See Introduction for a description of the background and rationale behind these updates.

## Poisson-Noise MLE

The classical phase-retrieval pipeline from Kotwal et al. 2022, as described in the Introduction, assumes a Gaussian noise model. While this is an appropriate model for read (sensor) noise, which is related to a camera’s circuitry and sensitivity, we can expect noise in the SWI frame capture process to be dominated by shot noise, which follows a Poisson distribution.

Changing the classical reconstruction pipeline to implement an MLE based on a Poisson noise model improves the output reconstruction by some 10%. Note the clearer boundaries and flatter surfaces in the Poisson reconstruction on the right.

## Self-Supervised Image Formation MLP

Eventually, our goal is to demonstrate a neural network that incorporates the results of this project into a learned phase-recovery function that performs better than the classical pipeline. We know that this network will contain the differentiable bilateral solver as a module, but the rest of the architecture is still being designed.

A simple approach is to implement phase retrieval as a pixelwise MLP. This MLP should be able to learn different representations of the underlying data. One particularly useful representation to learn is a **four-parameter image formation model**, which can then be used to reconstruct the sixteen intensity images we started with.

This is a useful representation for two reasons:

- The fact that we can fully reconstruct the intensity images means that we can train the network in a self-supervised fashion. Since the intensity images are the input and the image formation parameters are the output, the reconstructed intensity images lend themselves to a natural reconstruction loss function with no need for ground-truth labels.
- One of the output image formation parameters is the phase, which is more or less the goal of the pipeline (since the phase difference is proportional to depth).

In particular, the four image formation parameters, denoted *A*, *B*, *a*, and *f*, satisfy the following relationship to the intensity *I* for each of *i* ∈ {0, 1, 2, 3} and *j* ∈ {0, 1, 2, 3} (that is, the grid of *M* times *N* shifts according to the method used to capture the intensity images):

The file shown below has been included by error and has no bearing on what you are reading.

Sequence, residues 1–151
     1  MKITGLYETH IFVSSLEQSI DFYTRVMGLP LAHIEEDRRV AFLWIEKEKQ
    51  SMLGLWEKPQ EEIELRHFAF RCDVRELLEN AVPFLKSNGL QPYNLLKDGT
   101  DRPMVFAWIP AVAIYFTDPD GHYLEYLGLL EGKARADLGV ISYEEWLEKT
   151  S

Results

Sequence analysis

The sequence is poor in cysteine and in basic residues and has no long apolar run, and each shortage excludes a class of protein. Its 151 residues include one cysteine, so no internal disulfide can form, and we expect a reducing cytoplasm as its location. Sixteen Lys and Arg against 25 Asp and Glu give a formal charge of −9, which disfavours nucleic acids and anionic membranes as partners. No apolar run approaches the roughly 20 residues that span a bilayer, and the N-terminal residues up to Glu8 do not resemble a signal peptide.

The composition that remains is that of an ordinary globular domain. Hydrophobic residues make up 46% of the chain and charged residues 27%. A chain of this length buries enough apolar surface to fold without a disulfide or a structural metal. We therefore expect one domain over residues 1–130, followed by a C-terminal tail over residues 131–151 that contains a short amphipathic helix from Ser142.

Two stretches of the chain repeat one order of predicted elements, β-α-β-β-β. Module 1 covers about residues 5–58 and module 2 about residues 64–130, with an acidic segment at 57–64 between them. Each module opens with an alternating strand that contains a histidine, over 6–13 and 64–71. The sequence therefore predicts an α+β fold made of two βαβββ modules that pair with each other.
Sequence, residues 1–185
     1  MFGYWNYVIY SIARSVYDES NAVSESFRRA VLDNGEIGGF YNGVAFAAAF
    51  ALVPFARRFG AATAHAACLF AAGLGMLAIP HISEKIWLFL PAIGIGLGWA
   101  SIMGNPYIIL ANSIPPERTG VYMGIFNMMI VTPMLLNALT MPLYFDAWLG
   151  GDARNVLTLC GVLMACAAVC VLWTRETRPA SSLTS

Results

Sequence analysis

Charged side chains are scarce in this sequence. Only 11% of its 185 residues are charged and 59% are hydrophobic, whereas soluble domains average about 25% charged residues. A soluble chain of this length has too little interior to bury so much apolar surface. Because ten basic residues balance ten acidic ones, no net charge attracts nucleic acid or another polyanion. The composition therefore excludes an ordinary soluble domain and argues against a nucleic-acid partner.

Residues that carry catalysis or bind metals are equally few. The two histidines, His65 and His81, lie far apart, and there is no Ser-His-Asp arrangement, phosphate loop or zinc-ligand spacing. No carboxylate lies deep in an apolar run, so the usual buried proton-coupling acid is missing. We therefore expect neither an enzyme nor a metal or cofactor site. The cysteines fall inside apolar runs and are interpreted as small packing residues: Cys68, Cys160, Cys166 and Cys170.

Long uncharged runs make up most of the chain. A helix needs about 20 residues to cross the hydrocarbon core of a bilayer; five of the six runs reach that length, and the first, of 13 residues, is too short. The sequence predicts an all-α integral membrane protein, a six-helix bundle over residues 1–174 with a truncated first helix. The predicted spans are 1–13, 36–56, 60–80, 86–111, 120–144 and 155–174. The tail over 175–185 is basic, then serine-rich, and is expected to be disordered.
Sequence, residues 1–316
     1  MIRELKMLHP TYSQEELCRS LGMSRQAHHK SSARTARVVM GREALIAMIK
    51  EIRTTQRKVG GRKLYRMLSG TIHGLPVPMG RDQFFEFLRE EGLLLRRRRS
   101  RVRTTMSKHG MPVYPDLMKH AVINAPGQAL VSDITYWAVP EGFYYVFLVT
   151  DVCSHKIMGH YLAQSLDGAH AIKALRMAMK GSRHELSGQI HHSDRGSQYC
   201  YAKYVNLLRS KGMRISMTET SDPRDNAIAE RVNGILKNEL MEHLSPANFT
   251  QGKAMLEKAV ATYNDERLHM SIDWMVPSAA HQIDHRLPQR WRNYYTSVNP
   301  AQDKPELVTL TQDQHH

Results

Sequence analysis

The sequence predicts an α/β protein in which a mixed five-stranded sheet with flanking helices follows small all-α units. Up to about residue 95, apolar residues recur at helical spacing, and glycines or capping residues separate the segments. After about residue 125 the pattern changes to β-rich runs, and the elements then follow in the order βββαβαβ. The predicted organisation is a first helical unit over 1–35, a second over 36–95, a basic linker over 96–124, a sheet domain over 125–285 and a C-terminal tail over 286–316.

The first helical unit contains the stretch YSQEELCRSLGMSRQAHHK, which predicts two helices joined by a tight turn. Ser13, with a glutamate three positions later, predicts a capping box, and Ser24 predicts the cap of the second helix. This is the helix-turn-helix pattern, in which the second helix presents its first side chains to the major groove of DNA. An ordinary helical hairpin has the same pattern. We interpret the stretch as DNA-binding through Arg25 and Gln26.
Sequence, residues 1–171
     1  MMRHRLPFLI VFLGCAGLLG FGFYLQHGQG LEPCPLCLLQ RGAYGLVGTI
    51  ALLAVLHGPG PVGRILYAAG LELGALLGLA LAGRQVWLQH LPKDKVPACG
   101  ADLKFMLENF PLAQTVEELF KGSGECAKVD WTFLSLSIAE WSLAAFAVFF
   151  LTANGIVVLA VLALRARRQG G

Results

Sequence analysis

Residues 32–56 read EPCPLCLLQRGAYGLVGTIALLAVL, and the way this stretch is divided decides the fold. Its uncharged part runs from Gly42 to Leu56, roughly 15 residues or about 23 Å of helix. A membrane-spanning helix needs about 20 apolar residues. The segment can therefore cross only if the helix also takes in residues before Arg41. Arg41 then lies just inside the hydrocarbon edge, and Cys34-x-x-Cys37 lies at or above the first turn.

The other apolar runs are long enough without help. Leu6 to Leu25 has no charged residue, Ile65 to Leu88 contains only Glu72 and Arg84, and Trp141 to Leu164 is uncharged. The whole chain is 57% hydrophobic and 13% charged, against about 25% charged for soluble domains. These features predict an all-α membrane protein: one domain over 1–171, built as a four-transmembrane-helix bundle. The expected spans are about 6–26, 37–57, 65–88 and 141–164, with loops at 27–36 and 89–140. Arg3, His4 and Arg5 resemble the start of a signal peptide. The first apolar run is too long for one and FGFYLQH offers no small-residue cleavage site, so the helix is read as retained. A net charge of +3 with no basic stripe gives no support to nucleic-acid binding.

Note that in this model, *A*, *B*, *a*, and of course *I* vary according to pixel location *u,v*, while *f* does not. Accordingly, the neural network is trained to *learn* an explicit parameter *f* and *output* *A*, *B*, and *a*.

*f*is defined to be static across the entire image.

**(a)**Original intensity images.

**(b)**Reconstructed intensity frames.

## Confidence measure using error propagation

*Figure 12.*Confidence metric used in Fast Bilateral Solver. Note the higher confidence values in flat regions of the coin compared to areas around the grooves of the coin.

We represent the confidence of our initial phase estimate using error propagation on the first-order Taylor approximation of ** f**, the phase estimation function (in our case MLE). First we take the Taylor approximation:

using the formula for error propagation (or variance propagation), we retrieve the estimated variance of the output of our estimation function:

We take the inverse of the variance as our confidence metric by calculating * a* using autodiff libraries:

This method can be generalized to any neural network by setting * f* as the network, as long as we can use autodiff to approximate the first-order derivative of the output with regards to the input. Providing the confidence image as input to the Fast Bilateral Solver resulted in a

**70% error reduction**in the final depth estimation compared to using the Fast Bilateral Solver with a constant confidence value, which would be equivalent to applying a bilateral filter.